Hurlburt Field is among the first in the U.S. Air Force to deploy a new Explosive Ordnance Disposal robot platform, the L3Harris T7 Multi-Mission Robotics System. The new platform will be used by EOD units across the Air Force to remotely perform operations on hazardous devices. The T7 will replace the Remotec F6A, a nearly 20-year-old system. As the first two units in the Air Force to begin working with the new platform, Hurlburt EOD, part of the 1st Special Operations Civil Engineer Squadron, trained with Eglin Air Force base’s EOD team Aug. 22 – 26 at Eglin AFB, Florida. In addition to Hurlburt and Eglin’s EOD units, other installations working with the robot in coming weeks include Patrick Space Force Base, Cape Canaveral Space Force Station and Tyndall Air Force Base in Florida.
Dennis Carson, EOD logistics program manager and T7 product manager for the Air Force Civil Engineer Center at Joint Base San Antonio, Texas, explained that nearly every feature of the T7 has improved capabilities compared to the F6A. Carson added that the new robot is twice as fast as the F6A, and that it’s capable of lifting objects up to 250 lbs. All of these features allow the EOD operator to deal with larger hazardous devices in less time than before, which ultimately improves the safety of EOD personnel Additionally, the robot features enhanced capabilities when it comes to vertical and horizontal reach, among other improvements, including an extended battery life.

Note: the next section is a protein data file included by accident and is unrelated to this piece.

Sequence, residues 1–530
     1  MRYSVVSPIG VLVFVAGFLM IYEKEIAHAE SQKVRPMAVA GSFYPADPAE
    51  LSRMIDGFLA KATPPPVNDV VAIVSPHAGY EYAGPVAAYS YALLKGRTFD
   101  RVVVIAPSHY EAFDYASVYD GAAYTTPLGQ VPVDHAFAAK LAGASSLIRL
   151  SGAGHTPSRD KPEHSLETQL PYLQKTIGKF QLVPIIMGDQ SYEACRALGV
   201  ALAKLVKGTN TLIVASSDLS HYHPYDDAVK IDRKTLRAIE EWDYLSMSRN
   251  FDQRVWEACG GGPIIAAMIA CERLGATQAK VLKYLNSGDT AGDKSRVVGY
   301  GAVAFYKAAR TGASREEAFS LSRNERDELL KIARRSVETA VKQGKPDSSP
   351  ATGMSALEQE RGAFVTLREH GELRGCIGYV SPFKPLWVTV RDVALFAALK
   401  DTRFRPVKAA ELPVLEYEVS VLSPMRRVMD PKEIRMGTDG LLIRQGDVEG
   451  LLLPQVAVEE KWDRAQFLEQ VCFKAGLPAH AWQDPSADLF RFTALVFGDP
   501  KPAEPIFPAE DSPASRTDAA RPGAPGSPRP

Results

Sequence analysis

Hurlburt and Eglin’s EOD teams spent the week learning how to operate the robot, perform preventative maintenance and how to utilize capabilities including traversing slopes, climbing stairs, lifting objects and interrogating vehicles. U.S. Air Force Staff Sgt. Paolo Pineda, an EOD technician with the 1st SOCES at Hurlburt Field, noted that the T7 stands out as a capability upgrade for Air Force EOD. Pineda said that With this new robot, it’s larger – it can interrogate vehicles such as SUVs, trucks and vans and then it has the manipulation to be able to even open up a zipper on a backpack. Pineda added that the new capabilities can be helpful to respond to situations similar to previous events at Joint Base Andrews in Maryland and Travis Air Force Base in California involving attempted gate breaches.
Based on the inputs of hundreds of users, L3Harris has developed the T7 robot from the ground up to support the demanding requirements of commercial and military missions, including hazardous materials (HAZMAT) cleanup, explosive ordnance disposal (EOD), intelligence, surveillance and reconnaissance (ISR) and special weapons and tactics (SWAT) missions. Its rugged, automotive-grade track system provides outstanding mobility and maneuverability. A variety of attachments enable use of standard-issue sensors, disruptors, and tools, supporting a wide range of commercial and military missions, including HAZMAT and vehicle-borne improvised explosive device (VBIED) defeat.